The Pinstripes seem to be getting healthier

In an article entitled, “There’s still gold in them there pinstripes,” USA Today reports on a recent American Lawyer survey.

The average profit per partner at the nation’s 100 largest law firms passed the $1 million mark for the first time last year, with the top 10 firms booking profit per partner of $2 million or more.

Gross revenue of the “Am Law 100” increased about 10% over 2004, the magazine reported. Seven big law firms each generated more than $1 billion.The nation’s 100 largest law firms employed about 70,000 attorneys in 2005 – about triple the number of lawyers who worked at the top 100 firms in 1986, the first year the survey was taken.

Growth may be slowing, according to the survey. The total number of attorneys employed by the Am Law 100 grew less than 3% last year, following a year of about 2% growth.

The richest firm, as measured by the average compensation per partner ($3.8 million) and revenue per lawyer ($2.4 million), was also the smallest – Wachtell Lipton Rosen & Katz of New York.

The business model of the Wachtell firm seems to be based on
i) staying small and ii) billing based on a percentage of the value of the business deals that the firm helps arrange rather than hourly. Their primary focus is mergers and acquisitions, corporate and securities law, executive compensation and taxation, areas that lend themselves to this approach.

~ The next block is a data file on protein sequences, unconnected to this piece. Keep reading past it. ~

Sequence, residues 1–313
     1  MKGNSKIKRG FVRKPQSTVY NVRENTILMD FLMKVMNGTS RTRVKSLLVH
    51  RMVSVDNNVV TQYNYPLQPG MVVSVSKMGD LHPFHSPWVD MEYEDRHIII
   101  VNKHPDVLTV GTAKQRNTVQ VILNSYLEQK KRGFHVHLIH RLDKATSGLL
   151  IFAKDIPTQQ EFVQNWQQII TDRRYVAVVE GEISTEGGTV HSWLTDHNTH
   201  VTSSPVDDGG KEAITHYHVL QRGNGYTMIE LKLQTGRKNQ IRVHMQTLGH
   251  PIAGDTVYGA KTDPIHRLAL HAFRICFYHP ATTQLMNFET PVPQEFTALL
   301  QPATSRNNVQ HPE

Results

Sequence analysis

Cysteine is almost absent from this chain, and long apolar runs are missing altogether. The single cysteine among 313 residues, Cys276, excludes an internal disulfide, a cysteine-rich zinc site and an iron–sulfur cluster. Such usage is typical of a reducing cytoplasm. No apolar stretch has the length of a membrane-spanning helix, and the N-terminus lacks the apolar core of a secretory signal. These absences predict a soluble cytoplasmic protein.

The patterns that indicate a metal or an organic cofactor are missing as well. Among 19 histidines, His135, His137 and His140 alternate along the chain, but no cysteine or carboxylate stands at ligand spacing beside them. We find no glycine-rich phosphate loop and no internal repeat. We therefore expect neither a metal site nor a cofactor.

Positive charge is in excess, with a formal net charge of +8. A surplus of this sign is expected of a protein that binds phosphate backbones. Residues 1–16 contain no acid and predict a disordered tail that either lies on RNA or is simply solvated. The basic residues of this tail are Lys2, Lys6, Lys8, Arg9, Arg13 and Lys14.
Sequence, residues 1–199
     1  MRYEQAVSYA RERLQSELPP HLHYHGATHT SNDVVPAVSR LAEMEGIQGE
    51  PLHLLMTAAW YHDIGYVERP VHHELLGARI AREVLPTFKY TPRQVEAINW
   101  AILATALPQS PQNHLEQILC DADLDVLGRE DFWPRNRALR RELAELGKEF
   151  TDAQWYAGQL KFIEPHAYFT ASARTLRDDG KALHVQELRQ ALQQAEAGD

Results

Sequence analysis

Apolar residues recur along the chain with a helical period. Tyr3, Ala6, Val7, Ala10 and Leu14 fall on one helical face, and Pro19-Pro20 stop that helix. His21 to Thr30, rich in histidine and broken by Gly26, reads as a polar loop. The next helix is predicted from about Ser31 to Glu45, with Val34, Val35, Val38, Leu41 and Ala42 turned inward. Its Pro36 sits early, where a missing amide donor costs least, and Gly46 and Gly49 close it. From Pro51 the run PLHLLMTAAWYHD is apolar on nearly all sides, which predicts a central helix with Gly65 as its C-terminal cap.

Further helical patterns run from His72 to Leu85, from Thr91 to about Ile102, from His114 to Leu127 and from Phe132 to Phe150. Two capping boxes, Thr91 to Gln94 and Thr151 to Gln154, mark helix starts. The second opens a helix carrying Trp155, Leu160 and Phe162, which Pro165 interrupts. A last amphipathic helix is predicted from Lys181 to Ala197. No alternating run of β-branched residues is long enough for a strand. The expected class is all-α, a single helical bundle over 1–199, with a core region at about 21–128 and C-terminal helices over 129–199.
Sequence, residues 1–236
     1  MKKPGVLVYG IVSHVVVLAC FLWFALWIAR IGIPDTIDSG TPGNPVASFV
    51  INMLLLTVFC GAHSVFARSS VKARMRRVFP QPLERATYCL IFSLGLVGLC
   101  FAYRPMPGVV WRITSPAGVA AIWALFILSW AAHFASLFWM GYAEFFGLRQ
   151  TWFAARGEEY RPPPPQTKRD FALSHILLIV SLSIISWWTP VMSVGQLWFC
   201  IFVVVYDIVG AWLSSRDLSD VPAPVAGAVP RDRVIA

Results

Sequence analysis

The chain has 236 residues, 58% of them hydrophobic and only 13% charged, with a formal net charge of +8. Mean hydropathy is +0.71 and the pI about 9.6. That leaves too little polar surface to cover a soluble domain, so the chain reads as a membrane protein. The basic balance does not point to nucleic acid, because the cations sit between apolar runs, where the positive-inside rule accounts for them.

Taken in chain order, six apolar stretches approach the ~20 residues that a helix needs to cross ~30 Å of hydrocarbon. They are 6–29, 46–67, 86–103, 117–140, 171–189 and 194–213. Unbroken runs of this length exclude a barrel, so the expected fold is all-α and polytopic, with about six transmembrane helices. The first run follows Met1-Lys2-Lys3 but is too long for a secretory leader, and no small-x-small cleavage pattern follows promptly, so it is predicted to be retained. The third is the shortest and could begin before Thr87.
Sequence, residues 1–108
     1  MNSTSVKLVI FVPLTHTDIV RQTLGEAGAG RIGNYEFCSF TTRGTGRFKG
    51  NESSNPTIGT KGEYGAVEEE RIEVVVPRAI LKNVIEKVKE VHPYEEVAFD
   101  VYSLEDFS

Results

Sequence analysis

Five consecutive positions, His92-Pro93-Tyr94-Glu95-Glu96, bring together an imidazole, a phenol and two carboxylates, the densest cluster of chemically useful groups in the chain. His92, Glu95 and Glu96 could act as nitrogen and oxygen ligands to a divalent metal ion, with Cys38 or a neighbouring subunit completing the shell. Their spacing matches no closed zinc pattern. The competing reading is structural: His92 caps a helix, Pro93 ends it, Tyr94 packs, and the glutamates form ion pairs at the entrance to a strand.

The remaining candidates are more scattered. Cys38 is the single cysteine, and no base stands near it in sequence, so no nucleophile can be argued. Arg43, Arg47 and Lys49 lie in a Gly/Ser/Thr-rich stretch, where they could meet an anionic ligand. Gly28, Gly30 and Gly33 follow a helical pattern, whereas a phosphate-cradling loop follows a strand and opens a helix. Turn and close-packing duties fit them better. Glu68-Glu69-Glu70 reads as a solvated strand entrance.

USA Today quotes Dane Ciolino, who teaches the business of law at Loyola University law school> Ciolino says the Am Law 100 bears little resemblance to the average American law firm. “The average (American) lawyer is working at a small firm making $60,000 to $100,000 a year,” Ciolino says. “Even at large firms in (many) big cities, it’s $100,000 to $160,000 on average.” The high fees reaped by the Am Law 100, he says, “tell you more about the clients (the firms) are handling” than differences in quality between large and small firms.

Ciolino is correct in that the nature of the firms, large and small, is different.

But, my experience coaching lawyers and consulting with law firms around the country suggests we shouldn’t stop there. There are some important lessons that can be learned from these statistics:

First, size doesn’t reflect necessarily on either revenue per partner nor profit per partner.

Second, firms grow based on their clients. Thus, lawyers must look for clients who have growth potential. In other words, “commodity” work will not result in high and profitable growth … unless you have a large volume of such work. Highly focused and “high end” work will result in higher revenue and profits.

Third, when the work you do is perceived by the client as having high value, you will be able to charge more … even a percentage of the value of the work. This will get you out of the time modality of billing and into the value modality of billing, where the profits are significantly higher.

Fouth, you should seek to plan your business model, not allow it to occur by happenchance. Taking charge of your career is always more satisfying and usually more profitable …


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